Written by Patrick Hao
Under the Open Sky is the disappointing feature from Miwa Nishikawa attempting to explore the difficulties an ex-convict faces as he tries to integrate back into society. That ex-convict is Mikami (Koji Yakusho), a former member of the Yakuza, who had just spent thirteen years in prison for murder for which he claims was self-defense. An impulsive but sweet man, Mikami struggles to find a job especially as the little indignities of people’s prejudices begin to mount.
As much as this film is about the failure of a system, it is also about the way a community can help those who are struggling. Despite initial prejudices, everyone around Mikami is earnest in their attempts to help him – even the bureaucrats and welfare officers. It’s human beings trying to be good people. Mikami even forms unlikely friendships with the local owner of a grocery store (Seiji Rokkaku) who initially suspected him of shoplifting and a television director Tsunoda (Taiga Nakano) whose initial intentions were to create an exploitative documentary about him. The film seems adamant that there are no truly bad people, just bad circumstances.
New York Asian Film Festival 2021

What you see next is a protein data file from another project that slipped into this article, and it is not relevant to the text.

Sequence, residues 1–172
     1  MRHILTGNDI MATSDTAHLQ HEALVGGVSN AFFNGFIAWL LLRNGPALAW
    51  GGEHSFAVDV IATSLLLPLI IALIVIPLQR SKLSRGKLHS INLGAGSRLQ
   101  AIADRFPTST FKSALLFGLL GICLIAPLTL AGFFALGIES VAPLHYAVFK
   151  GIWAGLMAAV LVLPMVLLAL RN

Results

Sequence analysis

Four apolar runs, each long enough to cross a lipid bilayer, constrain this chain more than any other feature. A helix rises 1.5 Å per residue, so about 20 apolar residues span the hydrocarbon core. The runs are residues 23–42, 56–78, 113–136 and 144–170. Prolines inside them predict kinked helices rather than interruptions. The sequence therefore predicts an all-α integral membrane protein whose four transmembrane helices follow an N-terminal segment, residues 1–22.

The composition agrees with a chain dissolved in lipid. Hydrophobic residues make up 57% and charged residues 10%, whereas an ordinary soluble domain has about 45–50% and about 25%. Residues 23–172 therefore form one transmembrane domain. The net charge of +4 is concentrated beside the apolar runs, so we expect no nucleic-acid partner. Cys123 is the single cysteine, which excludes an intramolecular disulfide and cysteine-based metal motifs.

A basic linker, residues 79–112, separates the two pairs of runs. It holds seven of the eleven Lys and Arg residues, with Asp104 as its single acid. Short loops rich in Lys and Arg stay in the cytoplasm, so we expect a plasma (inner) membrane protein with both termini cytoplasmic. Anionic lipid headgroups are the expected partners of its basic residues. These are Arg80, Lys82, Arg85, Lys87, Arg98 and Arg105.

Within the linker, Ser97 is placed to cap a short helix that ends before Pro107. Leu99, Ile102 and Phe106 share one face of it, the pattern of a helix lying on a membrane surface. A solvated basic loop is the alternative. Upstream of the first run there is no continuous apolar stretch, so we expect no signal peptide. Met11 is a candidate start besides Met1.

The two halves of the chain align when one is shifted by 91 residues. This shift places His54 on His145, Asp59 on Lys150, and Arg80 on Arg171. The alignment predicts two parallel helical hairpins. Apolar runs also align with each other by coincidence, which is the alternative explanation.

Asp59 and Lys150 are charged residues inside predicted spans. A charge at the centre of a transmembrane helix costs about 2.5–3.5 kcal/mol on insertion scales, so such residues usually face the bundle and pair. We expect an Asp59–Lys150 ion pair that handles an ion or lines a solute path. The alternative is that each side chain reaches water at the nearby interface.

Nishikawa, a disciple of international film darling Hirokazu Kore-eda. possesses the empathetic qualities that make Kore-eda great which can serve a film like this well but she’s heavy handed in her approach. Which becomes frustrating as it becomes clear this filmmaker does not trust the audience. The documentary being filmed about Mikami is used as a device that explicitly spells out the salient observations that could be gleaned from the film moments after they happen. This undercutting any sense of discovery or revelation.
It’s over two hours long doesn’t help, as the film tends to meander in unmeaningful ways. Flashbacks to Mikami’s past offer little insight into what was already established in the present day. And the film’s tangent into whether Mikami will return to his life in the Yakuza seems only to occur in order to fulfill some sort of quota.
That is not to say that Under the Open Sky can be entirely dismissed. The film is buoyed by an excellent performance from Yakusho. He is tender and funny with an unpredictable explosiveness. Every film, no matter how shaggy, will feel steady when it is anchored by a consummate pro like Yakusho. Nishikawa, herself, is not an untalented filmmaker by any means. The warmness and goodness of her characters, mixed with her soothing cinematography and tinkling score had me almost tearing up at the exact moments she wanted us to. Its emotional manipulation at its finest.
Under the Open Sky is only disappointing because the elements of a good film are present on screen. Maybe a tighter cut would have allowed the film to focus instead of feeling like a shallow exploration of its themes. Alas, at least we are left with a great performance from Koji Yakusho.
Under the Open Sky Trailer
You can purchase a ticket to see Under the Open Sky in Canada from Fantasia Film Festival and in the United States of America at New York Asian Film Festival.
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